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The audio experts at Fraunhofer develop a Vuvuzela filter

23.06.2010
Just in time for today’s match of the German National team Fraunhofer IDMT presents its new Vuvuzela filter plugin. With it the TV broadcast of the 2010 World Cup now makes soccer a real pleasure.
The symbol of soccer in South Africa - the Vuvuzela. The noisy cultural asset is in the meantime a cause for thought around the world. With more than 130 decibels the horns cause so much noise that viewers and broadcasters as well as the soccer-players themselves are annoyed.

Attempts are currently being made to silence the “swarm of wasps” sound of the Vuvuzelas with the help of various filtering techniques. Unfortunately, this also tends to impair the speech intelligibility of the sports commentators. The Vuvuzela filter of the Ilmenau Fraunhofer Institute for Digital Media Technology prevents this loss of quality and provides a “Vuvuzelas-free” football experience.

Christian Dittmar, head of the Semantic Music Technologies Group at the Fraunhofer IDMT explains how it works, "First, a model for the typical frequency spectra of the Vuvuzelas is computed. This involves relaying a few seconds of the stadium atmosphere into a software program. The continuous noise is then subsequently removed from the spectral range, while the voice of the commentator remains. “Since a very quiet stadium at times also sounds scarily, one can also freely adjust the settings that regulate how loud the cheers and the chanting of the crowd should be heard.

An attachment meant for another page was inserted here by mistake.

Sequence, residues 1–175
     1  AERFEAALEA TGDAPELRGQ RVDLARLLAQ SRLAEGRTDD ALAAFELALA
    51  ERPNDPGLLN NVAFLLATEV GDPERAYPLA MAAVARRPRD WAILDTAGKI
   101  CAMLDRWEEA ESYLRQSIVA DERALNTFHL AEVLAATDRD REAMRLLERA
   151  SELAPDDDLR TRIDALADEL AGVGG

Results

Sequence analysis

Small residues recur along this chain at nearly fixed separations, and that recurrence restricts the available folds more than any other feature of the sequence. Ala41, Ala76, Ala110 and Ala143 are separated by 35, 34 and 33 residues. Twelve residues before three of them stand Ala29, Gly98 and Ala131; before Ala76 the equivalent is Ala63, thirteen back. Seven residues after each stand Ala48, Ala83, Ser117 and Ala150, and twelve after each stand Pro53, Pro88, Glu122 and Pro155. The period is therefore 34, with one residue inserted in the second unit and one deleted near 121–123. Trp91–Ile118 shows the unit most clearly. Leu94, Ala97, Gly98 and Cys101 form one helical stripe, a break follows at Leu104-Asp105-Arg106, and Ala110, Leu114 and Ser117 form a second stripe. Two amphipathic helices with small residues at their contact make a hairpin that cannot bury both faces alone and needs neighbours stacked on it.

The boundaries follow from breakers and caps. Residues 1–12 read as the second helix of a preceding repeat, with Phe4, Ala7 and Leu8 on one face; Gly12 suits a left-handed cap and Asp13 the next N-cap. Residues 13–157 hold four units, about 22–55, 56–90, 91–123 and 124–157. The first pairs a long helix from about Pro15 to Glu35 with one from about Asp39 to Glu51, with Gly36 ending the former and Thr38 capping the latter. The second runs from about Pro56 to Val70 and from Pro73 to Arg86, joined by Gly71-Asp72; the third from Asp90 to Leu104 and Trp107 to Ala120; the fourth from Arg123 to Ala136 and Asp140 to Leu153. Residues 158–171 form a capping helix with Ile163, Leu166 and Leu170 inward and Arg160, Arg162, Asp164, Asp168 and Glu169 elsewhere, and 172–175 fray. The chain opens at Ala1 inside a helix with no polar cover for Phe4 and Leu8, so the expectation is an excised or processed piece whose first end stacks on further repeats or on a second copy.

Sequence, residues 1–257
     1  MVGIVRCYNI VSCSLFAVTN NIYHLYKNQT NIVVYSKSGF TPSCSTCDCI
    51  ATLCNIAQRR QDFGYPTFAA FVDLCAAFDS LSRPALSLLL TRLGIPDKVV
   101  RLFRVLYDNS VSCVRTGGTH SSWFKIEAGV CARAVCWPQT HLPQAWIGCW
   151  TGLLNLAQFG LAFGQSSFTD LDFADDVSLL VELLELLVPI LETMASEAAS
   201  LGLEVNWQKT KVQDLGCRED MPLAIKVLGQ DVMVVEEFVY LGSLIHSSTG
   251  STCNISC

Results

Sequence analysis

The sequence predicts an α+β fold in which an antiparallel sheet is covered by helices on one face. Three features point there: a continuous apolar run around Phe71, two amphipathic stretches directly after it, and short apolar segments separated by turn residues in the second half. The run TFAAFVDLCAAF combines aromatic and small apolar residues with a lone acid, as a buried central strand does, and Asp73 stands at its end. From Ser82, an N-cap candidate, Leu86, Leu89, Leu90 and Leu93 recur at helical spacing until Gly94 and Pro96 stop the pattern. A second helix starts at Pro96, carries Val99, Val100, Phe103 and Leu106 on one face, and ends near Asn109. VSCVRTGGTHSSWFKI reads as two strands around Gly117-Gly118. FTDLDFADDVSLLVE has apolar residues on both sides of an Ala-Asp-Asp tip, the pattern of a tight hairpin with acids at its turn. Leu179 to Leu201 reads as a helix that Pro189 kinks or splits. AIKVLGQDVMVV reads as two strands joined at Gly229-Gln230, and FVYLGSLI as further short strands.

The Fraunhofer Vuvuzela filter can be downloaded as a plugin under .

Fraunhofer Institute for Digital Media Technology IDMT in Ilmenau conducts applied research in the field of digital media and works on leading projects and topics in the field of audio visual applications.
Besides sound solutions for home- and professional users (e.g. IOSONO® Wave Field Synthesis technology) software technologies for analysis and characterization of multimedia content as well as audio-visual applications for medical engineering are being developed. Furthermore interactive AV applications for entertainment and knowledge management and the design of architectures for digital online-distribution are in the institute’s research focus.

The Fraunhofer IDMT realizes innovative scientific results through prototypes and applicable solutions which come up to customer and market requirements in close cooperation with partners in economy, culture and science.

Since 2008, Fraunhofer IDMT has two new branch labs. The department Children’s Media, based in Erfurt, works on the development of innovative computer based program and edutainment formats for children and adolescents. The new project group Hearing, Speech and Audio Technology, based in Oldenburg, researches topics of audio system technology concerning the fields of health, transportation, multimedia and telecommunication.

Julia Edling | Fraunhofer-Institut
Further information:
http://www.idmt.fraunhofer.de

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